Personalizing the Restaurant Guest Experience: Past, Present, and Future
“A person’s name is to him or her the sweetest and most important sound in any language.” — Dale Carnegie
It’s well-documented that people like to be treated as individuals, rather than as representatives of a group. Using someone’s name in conversation is a way of showing respect and making them feel important. Remembering the details of someone’s life is a surefire way to build trust. And catering to a person’s preferences can make them feel like they’re the only person in the room. These rules apply as much to the hospitality industry as they do to personal relationships.
Restaurants have long relied on their front line of employees to develop a friendly rapport with loyal patrons. However, the human brain can only recall the names and faces of about 150 people (fivethirtyeight.com). With fast casual and QSR concepts serving thousands a day, that model of personalization becomes obsolete in the first hour of operation.
Today, providing a personalized guest experience is a scalable endeavor. Smart restaurant tech can provide a customized experience to every single guest it serves. And people have come to expect it: “One-way marketing messages (brand to consumer) are less efficient than they used to be, as consumers now desire and often expect one-on-one, personalized engagement and conversation” (Deloitte). Marketing doesn’t end once you’ve got a guest in the door: building a sense of loyalty in your customers is the key to a successful concept, and ensuring that guests have a great experience with your brand while they dine with you is the way to do it.
Strategies for Today
By implementing some of the Self Order Kiosk strategies you’ll find below, the guests at your fast casual or quick service restaurants will feel catered to and more satisfied with their experience. What can you do — right now — to make personalized experiences a reality for every single guest?
Make guest order histories useful and actionable.
Which Wich gives guests the option to repeat a previous order by entering their phone number or inserting their credit card. Guests will then be presented with their 3 previous orders and given the chance to repeat them. Not only does this shave time off the order process, it also helps create a customized, efficient experience for each guest.
Allow guests to tap into a menu tailored to their lifestyle.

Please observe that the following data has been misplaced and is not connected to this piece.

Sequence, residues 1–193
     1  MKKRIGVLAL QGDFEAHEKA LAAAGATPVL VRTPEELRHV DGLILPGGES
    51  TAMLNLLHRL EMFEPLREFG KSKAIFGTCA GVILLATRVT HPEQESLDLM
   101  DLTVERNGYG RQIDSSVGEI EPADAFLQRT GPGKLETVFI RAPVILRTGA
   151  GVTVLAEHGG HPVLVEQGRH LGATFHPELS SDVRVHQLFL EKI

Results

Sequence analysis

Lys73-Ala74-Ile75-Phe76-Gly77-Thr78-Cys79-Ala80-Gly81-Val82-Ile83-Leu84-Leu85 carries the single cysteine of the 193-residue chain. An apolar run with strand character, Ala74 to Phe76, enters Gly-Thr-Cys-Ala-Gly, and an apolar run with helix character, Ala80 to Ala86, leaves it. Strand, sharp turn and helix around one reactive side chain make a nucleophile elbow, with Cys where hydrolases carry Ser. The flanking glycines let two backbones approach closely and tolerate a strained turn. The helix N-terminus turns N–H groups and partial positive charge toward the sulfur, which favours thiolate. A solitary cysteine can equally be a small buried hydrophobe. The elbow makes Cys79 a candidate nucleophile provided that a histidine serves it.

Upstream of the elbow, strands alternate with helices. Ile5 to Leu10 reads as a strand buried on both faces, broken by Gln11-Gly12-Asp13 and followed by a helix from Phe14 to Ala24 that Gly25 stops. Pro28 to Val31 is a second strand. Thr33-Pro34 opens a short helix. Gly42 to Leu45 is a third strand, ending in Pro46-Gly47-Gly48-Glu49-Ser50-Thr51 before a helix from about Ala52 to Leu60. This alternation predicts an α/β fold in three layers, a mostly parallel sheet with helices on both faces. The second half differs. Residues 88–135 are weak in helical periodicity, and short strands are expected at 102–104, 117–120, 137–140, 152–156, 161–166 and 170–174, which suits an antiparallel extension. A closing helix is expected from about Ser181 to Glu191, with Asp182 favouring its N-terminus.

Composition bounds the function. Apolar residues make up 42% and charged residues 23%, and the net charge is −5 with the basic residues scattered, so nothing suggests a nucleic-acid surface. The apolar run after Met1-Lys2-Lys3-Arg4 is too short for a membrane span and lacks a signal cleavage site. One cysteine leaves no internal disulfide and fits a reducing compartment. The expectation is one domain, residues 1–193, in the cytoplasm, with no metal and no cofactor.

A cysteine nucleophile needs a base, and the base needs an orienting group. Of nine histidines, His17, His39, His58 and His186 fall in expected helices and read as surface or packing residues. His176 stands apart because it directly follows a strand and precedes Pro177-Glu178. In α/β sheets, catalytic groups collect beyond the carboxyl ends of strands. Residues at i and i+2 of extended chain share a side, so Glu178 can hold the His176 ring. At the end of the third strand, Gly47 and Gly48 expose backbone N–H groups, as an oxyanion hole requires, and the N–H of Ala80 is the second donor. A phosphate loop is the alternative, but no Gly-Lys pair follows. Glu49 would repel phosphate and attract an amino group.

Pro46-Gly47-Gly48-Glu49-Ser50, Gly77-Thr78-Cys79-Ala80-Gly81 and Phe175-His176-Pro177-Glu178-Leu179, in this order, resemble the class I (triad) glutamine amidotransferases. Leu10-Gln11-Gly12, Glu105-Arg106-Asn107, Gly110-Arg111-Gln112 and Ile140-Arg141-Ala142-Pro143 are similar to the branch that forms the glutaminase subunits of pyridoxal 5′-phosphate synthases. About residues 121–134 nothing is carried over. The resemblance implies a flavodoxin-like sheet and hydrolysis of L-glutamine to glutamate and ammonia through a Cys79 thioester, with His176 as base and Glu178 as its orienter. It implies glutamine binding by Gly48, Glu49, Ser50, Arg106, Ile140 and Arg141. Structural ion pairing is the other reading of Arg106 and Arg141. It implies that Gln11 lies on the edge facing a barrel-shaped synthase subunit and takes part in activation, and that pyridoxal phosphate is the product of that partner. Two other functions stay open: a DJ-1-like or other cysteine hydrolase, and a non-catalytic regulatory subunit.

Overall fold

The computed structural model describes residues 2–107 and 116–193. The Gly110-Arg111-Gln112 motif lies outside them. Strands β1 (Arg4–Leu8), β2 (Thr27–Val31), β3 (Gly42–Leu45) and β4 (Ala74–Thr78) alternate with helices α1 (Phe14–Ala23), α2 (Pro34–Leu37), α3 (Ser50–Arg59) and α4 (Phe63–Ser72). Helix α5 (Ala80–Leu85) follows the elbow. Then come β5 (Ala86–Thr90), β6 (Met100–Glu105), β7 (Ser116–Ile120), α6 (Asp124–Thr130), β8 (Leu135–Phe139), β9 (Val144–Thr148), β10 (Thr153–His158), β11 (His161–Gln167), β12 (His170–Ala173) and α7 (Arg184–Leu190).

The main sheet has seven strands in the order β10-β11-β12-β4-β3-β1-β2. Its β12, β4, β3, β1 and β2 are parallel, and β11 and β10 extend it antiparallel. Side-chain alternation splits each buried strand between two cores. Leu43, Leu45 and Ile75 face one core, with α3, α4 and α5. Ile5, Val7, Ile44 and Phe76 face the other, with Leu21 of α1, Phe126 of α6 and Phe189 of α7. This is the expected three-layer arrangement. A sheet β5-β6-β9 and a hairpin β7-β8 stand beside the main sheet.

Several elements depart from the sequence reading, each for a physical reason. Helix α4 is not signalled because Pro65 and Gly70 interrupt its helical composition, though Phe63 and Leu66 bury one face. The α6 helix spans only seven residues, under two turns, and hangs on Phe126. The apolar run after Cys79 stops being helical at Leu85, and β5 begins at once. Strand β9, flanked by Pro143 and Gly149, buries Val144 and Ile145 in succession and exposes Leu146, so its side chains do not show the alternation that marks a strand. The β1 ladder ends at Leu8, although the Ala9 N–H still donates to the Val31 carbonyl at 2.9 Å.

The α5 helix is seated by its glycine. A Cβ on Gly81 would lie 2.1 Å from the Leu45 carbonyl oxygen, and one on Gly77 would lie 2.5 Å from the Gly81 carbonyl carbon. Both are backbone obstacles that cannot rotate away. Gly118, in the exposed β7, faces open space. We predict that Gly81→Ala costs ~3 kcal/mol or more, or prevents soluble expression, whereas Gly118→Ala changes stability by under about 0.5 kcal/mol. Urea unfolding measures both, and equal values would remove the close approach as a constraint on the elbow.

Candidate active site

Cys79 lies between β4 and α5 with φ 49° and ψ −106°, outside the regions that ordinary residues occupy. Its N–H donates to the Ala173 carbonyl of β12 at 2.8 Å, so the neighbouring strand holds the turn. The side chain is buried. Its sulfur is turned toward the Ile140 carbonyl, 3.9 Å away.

Met with this introductory screen, guests at UFood Grill experience an order flow that meets their specific needs: whether that’s vegan, gluten free, low sodium, vegetarian or high protein. By organizing and automating the menus this way, guests feel like they’re getting a customized order experience. It may be useful to segment your customers’ current behaviors to identify which user journeys will have the highest impact.
Let guests choose menus by their tastes and preferences.
Jars Juices gives personalization a playful air: on the introductory screen, you have the option to let Jarvis assist you. From there, you’re guided through a series of screens that narrow down the menu according to a guest’s preferences or whims. It’s a custom menu flow that lets guests feel that they’re on a journey of their own making.
Make a “build your own” menu fun and easy.
Give guests the power to choose, like BurgerFi did with their “Build Your Own Burger” Option. A “build your own” menu can sometimes be unwieldy for operations, but when the process is automated through a Self Order Kiosks, guests can reap all the benefits of a custom meal without imposing a burden on your staff.
Strategies for the Future
As a business owner, you’ve got your eye on the horizon: good strategy requires a long view, and the suggestions above are only the beginning of the personalization that technology will make possible. So, what does the future hold for NEXTEP technology?
Reading Facial Geometry
Soon, our Self Check Outs, Self Order Kiosks and Touchscreen Drive Thrus will be able to recognize an individual guest by reading their facial geometry. There will be no need to insert a credit card or enter a phone number. Instead, the camera will read your face and pull up your order history. It will know if you’re gluten free and make appropriate recommendations. It will pull up your saved payment types and let you pay with one tap. Once we roll out facial recognition capabilities to the NEXTEP product suite, the guest ordering experience will be a highly refined and efficient exercise in the ultimate guest experience.
Guests at Self Order Kiosks will soon be able to interact with menus in a new, but familiar way: to generate smart meal recommendations, they will be able to swipe left or right through a series of images that represent their preferences. The swipe has become a ubiquitous gesture, and bringing it to the order flow will inject fun into the guest experience.
Expanding Payment Options
In the near future, guests will be able to pay with wearables. Once the kiosk recognizes a guest’s Fitbit, Apple Watch, or other wearable, it will be able to pull up their order history and give them access to their saved payment preferences. This passive customer recognition will speed up order time significantly, as well as give guests a truly customized experience.